The Biggest Cyber Threat? That’s You!
Estimated reading time: 4 minutes
How to prevent employees from falling into the trap of cybercriminals
Unfortunately, cybersecurity is not just a buzzword. Cyberattacks are becoming more frequent and increasingly sophisticated. Excellent IT security is no longer enough to prevent sensitive company information from falling into the wrong hands. The biggest cyber threat is actually within your own organization: your employees. According to IBM’s Cyber Security Intelligence Index, a staggering 95 percent of all cyberattacks are caused by human error.
The idea of a group of criminal hackers operating from an abandoned nuclear bunker in Russia is certainly intriguing. It makes hacking seem mysterious and even a bit cool (let’s be honest). However, the culprit is usually “Marketing Mark,” who receives a bank statement in his mailbox and accidentally downloads it.
Innocent mistakes like these can have dramatic and costly consequences. For example, in August 2015, a spear-phishing attack on the Pentagon exposed confidential information of about 4,000 military personnel. All because an employee clicked on a link in a dubious email.
But how do you prevent employees from falling victim to digital scams?
Repetition, repetition, repetition
Creating a risk-aware workplace is easier said than done. Of course, training is the first step in raising awareness among your employees. But how much of that training will someone remember after weeks, months, or even years?
To keep your employees vigilant, it’s important to regularly inform them about the (new) threats that exist, how to recognize them, and what actions to take. But how do you do that exactly? By scheduling a bunch of time-consuming refresher courses that take everyone away from their work? No.
How we tackled the fight against cybercrime
We faced the same problem here in our office. Training for all our employees… check! But how do we keep our staff continuously informed about new risks and cyber threats without sacrificing productivity?
Taking employees away from their workstations to attend new training sessions was not an option for us. Sending an email to an already overflowing inbox also proved to be unsuccessful.
We realized that we needed to reach our people when they actually had a moment to spare. That’s why we started displaying prevention tips and warnings on all available screens within our company. Important messages about opening suspicious emails, forwarding confidential information, or making fake payments. These messages were repeatedly shown throughout the entire office.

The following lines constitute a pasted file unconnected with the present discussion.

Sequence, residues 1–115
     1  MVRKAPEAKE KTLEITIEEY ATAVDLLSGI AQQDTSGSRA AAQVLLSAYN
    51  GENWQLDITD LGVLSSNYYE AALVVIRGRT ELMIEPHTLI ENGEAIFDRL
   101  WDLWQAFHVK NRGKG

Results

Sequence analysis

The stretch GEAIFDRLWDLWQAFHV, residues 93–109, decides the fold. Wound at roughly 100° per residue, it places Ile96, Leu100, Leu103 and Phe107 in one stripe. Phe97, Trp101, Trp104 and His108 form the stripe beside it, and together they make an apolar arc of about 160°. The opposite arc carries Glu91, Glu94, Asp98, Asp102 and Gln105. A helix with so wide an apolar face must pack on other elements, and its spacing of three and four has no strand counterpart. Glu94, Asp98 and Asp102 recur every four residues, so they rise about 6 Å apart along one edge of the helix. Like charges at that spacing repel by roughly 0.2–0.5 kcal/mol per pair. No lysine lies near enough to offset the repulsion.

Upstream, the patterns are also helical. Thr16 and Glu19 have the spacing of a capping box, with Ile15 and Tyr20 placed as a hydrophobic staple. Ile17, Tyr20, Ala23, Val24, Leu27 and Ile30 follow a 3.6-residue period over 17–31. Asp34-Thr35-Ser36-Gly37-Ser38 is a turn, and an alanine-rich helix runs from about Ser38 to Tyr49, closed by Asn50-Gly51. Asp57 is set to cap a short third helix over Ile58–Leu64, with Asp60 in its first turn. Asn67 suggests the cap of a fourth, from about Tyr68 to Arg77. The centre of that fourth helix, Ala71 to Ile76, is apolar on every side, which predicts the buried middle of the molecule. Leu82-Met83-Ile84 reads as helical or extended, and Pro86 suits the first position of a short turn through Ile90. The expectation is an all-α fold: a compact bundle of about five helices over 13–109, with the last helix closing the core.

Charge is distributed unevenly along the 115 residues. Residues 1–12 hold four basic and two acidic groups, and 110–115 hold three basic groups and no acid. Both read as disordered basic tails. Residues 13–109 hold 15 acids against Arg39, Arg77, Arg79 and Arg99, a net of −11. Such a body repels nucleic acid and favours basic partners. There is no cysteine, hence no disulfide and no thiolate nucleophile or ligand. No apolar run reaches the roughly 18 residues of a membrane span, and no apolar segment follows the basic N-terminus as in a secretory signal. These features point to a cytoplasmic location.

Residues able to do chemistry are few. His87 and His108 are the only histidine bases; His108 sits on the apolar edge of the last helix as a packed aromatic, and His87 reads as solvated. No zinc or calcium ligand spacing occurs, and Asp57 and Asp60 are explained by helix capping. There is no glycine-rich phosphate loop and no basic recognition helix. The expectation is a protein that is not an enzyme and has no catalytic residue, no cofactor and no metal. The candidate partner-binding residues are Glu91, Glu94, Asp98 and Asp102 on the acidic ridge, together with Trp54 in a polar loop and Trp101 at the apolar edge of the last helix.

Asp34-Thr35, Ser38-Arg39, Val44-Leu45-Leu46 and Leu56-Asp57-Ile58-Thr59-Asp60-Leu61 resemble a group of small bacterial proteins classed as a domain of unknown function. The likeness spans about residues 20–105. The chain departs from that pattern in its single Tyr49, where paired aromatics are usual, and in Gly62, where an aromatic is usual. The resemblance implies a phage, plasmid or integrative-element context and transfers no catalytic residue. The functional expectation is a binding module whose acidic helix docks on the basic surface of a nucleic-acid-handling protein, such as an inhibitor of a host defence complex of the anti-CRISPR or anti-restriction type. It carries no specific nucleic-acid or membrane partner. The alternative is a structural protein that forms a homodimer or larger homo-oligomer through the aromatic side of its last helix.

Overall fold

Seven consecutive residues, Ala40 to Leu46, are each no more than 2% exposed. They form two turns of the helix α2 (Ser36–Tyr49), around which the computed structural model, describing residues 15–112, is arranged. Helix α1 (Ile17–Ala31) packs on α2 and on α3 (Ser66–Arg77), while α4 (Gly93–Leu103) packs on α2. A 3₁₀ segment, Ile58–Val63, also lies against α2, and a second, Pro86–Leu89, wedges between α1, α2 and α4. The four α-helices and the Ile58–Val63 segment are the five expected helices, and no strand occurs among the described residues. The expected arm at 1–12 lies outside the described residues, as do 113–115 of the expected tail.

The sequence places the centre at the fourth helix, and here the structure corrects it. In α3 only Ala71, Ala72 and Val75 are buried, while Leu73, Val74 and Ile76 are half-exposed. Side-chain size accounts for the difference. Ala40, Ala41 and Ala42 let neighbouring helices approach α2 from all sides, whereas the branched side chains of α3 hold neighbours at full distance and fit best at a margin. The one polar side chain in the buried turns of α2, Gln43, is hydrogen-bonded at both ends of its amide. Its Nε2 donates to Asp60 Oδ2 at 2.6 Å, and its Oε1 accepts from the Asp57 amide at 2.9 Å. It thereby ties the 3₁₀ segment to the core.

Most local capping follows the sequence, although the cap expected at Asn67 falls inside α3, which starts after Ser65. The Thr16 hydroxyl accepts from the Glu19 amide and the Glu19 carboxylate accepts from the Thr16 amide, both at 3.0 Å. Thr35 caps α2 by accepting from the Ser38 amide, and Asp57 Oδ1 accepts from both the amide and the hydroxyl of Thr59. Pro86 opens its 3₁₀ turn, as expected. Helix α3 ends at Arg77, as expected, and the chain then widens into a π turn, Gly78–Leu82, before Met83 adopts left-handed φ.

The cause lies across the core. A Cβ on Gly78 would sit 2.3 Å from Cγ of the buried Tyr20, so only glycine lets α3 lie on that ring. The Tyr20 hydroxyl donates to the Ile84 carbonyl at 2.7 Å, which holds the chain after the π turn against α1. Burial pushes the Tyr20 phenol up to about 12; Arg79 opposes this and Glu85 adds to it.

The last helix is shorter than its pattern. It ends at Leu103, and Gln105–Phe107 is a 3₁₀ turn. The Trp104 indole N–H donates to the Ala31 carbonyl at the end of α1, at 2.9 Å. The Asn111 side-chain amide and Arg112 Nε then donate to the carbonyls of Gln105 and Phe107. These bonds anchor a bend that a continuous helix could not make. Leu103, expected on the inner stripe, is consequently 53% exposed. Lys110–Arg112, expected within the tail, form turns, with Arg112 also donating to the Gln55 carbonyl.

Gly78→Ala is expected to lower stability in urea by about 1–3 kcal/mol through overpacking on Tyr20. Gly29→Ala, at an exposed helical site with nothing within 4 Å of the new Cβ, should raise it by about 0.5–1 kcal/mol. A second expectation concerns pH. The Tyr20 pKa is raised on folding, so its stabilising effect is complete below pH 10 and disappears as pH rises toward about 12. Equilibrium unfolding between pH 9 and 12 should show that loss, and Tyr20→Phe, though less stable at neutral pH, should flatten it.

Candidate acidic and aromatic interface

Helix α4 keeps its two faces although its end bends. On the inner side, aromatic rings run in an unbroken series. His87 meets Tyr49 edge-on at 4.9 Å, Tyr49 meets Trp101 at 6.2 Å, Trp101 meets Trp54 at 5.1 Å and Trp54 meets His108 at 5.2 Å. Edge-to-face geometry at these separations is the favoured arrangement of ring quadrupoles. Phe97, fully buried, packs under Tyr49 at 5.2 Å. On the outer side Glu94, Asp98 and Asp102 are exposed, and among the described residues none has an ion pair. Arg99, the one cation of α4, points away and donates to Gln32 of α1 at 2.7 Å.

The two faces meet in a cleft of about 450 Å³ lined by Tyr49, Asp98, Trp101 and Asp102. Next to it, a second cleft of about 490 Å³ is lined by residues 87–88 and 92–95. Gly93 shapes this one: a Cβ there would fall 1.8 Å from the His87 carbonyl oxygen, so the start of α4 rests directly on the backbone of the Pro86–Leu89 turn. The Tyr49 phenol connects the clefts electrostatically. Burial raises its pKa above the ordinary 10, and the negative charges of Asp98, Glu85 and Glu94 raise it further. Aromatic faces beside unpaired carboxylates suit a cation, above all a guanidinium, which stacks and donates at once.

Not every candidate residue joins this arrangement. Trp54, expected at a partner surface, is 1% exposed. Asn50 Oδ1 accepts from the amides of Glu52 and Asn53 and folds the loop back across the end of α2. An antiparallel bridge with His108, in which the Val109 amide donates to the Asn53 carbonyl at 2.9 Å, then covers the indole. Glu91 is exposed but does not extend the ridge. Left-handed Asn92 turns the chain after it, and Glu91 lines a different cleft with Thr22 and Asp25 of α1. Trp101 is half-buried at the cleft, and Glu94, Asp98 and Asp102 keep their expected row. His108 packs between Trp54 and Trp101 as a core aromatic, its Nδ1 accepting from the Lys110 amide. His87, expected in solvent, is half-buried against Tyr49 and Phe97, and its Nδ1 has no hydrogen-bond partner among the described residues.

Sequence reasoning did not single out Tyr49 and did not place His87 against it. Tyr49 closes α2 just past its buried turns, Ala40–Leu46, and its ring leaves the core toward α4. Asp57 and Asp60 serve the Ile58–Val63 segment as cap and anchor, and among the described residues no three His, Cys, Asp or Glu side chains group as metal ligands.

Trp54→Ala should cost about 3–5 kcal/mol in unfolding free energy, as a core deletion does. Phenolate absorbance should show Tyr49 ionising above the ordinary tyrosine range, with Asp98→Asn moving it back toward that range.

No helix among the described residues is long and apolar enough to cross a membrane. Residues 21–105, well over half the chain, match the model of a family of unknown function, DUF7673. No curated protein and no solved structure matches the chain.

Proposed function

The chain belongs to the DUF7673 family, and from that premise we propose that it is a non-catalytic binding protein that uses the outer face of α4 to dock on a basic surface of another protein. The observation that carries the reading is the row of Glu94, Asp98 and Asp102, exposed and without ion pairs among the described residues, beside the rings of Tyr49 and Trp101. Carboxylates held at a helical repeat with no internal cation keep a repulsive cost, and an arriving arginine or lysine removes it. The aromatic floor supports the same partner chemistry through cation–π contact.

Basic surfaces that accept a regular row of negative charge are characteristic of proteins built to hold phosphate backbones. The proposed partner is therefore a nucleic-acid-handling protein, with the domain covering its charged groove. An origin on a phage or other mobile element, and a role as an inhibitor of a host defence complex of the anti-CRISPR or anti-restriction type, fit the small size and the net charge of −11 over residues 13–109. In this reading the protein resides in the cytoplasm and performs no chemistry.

While walking to the coffee corner, employees received a reminder on one of our narrowcasting screens next to the coffee machine. If someone hadn’t touched their computer for a while, the screensaver, filled with prevention tips, would automatically appear. And scrolling through our company app during lunch, you guessed it, another reminder!
With this combination of digital tools, there was almost no escape. By scheduling the messages in advance, we didn’t have to worry about them anymore. When a new cyber threat emerged, we could respond immediately by creating an additional message. Simple.
This new approach also provided us with a great solution if something did slip through the cracks. It would be rather strange to send an email when your mail server has just been hacked, right?
No more thoughtless clicking!
It quickly became clear to us that our approach was working. Those persistent cybercriminals are still trying. We still receive dozens of phishing emails every day. But the biggest difference compared to some time ago? People now thankfully think twice (or even three times) before clicking on something. That’s how we tackled the biggest cyber threat.
Is this the end? Probably not. Studies indicate that cybercrime will evolve significantly in the coming years. But at the end of the day, I go home with peace of mind, knowing that we have minimized potential cyber threats.